Health and safety dispute at Manchester airport, BLM legal defence, the history of the Syrian revolution and more

Reel News report that a dispute over health and safety and blacklisting has broken out at Manchester Airport. In their words:

“Construction workers are picketing Manchester airport over the disgraceful treatment that 70 sparks and fitters have received from JCK Limited on the T2 Transformation Project.

After the site was closed over safety concerns during the COVID-19 pandemic, JCK laid everyone off with no pay whatsoever – and SACKED a worker who expressed concern over the conditions that led to the site closure.

Other workers have been sacked for refusing overtime, and for asking what safeguards were in place when the site reopened.

The most shocking aspect of this sorry episode is that ten Greater Manchester councils – all Labour councils in a city with a Labour mayor – own 65% of Manchester Airport Group (MAG), but only three have expressed any concern at all, let alone done anything about it. So if you live in the area, please write to your local councils and MPs.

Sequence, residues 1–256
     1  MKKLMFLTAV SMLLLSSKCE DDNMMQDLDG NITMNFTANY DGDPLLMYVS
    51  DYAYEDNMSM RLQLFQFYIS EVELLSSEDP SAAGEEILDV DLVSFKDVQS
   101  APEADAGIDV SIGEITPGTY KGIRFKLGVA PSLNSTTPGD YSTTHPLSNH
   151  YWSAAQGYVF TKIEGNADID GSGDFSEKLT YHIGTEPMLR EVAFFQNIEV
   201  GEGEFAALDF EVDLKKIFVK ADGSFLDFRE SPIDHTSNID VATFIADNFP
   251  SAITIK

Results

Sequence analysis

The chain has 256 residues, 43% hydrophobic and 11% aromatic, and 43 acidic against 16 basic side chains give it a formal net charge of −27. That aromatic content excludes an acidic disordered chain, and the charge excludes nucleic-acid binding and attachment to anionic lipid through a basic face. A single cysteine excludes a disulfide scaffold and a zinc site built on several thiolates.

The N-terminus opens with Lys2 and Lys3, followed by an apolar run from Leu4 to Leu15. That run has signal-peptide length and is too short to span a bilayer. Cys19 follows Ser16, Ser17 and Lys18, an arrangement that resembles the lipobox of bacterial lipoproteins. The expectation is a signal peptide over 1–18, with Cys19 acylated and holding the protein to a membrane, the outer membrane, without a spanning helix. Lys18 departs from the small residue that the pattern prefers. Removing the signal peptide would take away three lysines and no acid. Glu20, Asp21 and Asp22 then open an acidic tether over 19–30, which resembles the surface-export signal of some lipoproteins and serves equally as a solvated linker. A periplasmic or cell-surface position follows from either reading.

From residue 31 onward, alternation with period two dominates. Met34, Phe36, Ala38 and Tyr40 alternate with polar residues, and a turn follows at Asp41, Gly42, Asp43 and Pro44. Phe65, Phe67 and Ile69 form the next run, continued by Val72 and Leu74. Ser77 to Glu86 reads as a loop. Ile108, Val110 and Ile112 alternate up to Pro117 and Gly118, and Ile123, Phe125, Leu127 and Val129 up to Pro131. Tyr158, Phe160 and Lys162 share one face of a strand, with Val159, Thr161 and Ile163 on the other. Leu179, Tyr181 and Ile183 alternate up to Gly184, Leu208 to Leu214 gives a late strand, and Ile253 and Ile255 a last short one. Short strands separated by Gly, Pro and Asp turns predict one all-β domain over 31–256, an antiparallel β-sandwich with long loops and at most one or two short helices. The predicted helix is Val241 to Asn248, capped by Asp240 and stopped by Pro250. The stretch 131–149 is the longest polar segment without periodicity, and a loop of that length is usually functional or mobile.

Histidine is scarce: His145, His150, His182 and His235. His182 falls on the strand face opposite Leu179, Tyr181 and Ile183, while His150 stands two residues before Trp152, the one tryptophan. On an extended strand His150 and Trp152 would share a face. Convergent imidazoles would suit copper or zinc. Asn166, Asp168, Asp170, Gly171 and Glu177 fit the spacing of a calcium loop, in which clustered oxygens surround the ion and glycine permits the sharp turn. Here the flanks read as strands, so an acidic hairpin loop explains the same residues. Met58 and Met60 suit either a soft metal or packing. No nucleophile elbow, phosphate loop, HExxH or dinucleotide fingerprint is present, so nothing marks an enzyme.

Meanwhile, construction workers will continue taking action until this is sorted out.”

For more on the subject, please watch their video.


The Alliance of Middle Eastern and North African Socialists are running a 12-part series of webinars on “The Syrian Revolution: A History from Below”. They describe it as:

“The Online Summer Institute titled “The Syrian Revolution: A History from Below” is a webinar series about grassroots politics, class struggles, and state violence in Syria since the 1970s up until the present. The 12-part series (June 20th – August 5th) includes presentations from activists, organizers, academics, and writers, who will discuss an array of topics ranging from grassroots movements, imperialism and anti-imperialism, political economy, international solidarity, feminist struggles, the prison system, healthcare weaponization, Palestinian solidarity, Kurdish self-determination, refugees, revolutionary art, and the future of the Syrian and regional uprisings (2011 and today).